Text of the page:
As a result of the rarity of Wilson disease (WD) and the fact that liver biopsy is not performed routinely during follow-up, unless clinically indicated, the progression and timing of the liver pathology and its correlation with different anti-copper treatments or aminotransferase levels are poorly characterized. Previous studies have demonstrated the possibility of improvement of steatosis and inflammation grade, and of fibrosis stage during long-term follow-up. However, studies on serial liver biopsies, as well as studies on the correlation between hepatic histology and clinical parameters, are lacking.
A research article to be published on March 28 , 2010 in the World Journal of Gastroenterology addresses this question. A study conducted by the University of California Davis (USA), Texas Children's Hospital (USA), and University of Padua (Italy) under the guidance of Dr. Valentina Medici studied the evolution of liver histology in WD patients during penicillamine and zinc treatment, to define the rate of progression of liver damage and to correlate the clinical and biochemical parameters of liver injury with hepatic copper concentration.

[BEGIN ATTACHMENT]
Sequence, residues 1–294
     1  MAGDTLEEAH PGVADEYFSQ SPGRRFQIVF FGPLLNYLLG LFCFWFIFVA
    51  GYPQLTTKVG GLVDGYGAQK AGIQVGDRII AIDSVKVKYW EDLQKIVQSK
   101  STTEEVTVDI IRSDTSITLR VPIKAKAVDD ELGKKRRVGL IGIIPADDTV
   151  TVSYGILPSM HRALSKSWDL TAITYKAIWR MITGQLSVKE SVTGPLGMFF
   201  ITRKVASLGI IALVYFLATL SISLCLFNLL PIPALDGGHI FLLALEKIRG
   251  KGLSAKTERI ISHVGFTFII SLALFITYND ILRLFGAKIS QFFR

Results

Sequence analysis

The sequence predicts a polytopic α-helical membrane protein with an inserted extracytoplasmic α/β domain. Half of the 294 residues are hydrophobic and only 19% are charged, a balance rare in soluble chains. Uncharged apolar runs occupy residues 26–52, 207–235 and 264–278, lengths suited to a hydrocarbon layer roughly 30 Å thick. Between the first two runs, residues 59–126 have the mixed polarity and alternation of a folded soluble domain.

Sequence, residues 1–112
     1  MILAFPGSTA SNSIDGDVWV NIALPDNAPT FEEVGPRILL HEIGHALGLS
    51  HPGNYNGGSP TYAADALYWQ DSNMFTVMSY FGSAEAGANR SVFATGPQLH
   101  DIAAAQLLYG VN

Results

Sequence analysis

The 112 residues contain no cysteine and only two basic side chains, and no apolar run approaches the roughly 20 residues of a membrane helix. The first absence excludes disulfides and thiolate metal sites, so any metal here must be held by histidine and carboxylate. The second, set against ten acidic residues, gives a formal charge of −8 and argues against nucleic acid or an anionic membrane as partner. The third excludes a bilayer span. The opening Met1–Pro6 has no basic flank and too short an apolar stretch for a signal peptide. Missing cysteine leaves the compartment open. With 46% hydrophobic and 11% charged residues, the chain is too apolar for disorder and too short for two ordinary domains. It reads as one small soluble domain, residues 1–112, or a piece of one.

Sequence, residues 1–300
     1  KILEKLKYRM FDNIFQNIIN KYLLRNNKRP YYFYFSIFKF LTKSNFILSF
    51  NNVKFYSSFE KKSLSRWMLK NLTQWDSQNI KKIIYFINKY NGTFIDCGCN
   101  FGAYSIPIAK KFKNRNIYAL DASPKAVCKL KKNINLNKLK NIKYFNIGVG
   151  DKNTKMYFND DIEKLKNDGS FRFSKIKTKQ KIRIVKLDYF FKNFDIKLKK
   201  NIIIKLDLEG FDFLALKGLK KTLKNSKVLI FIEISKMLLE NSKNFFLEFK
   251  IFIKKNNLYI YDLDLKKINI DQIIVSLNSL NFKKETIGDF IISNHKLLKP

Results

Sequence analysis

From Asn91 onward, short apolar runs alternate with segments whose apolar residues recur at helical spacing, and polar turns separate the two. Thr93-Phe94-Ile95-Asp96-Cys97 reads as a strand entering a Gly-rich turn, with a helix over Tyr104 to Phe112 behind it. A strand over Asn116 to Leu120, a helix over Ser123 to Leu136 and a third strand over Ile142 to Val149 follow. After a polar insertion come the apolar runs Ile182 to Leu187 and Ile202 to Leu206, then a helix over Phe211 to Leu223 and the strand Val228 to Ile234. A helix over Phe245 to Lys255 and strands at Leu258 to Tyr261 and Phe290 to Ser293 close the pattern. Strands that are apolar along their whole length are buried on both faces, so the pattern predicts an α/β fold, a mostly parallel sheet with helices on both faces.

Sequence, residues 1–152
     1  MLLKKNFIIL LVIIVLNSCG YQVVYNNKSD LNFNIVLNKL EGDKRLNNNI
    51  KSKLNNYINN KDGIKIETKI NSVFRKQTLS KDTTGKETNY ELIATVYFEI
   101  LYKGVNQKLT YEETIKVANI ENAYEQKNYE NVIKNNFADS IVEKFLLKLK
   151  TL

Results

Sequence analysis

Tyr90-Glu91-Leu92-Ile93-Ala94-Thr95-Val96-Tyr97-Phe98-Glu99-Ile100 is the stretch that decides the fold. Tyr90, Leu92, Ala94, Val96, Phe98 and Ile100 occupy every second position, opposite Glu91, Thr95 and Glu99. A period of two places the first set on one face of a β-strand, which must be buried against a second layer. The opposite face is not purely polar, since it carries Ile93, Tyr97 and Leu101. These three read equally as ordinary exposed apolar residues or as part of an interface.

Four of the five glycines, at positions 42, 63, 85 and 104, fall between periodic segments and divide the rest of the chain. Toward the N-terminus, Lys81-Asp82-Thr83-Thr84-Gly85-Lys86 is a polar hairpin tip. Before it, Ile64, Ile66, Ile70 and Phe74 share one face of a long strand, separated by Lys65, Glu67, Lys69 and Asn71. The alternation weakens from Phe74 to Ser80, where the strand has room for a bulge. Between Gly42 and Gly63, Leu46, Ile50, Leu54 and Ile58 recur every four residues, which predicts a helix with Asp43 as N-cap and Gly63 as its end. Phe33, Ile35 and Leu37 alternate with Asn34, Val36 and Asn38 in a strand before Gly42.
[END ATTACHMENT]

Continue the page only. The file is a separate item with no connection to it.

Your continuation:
The estimated rate of progression of hepatic fibrosis (as result of the mean difference in fibrosis scores divided by the mean interval in years between the first and second liver biopsies) in the entire group was 0 units per year between the first and second liver biopsy, and 0.25 between the second and third. However, among progressors, the rate of progression of fibrosis was estimated at 0.23 fibrosis units per year between the first and second biopsy, and 0.6 units between the second and third. Progressors showed a mean hepatic copper concentration higher than non-progressors at all time points. The histological progression did not correlate with subsequent aminotransferase levels or with type of therapy.
The observation of the inability of clinical tools to detect the progression of fibrosis despite treatment suggests that a liver biopsy with hepatic copper quantification every 3 years should be considered.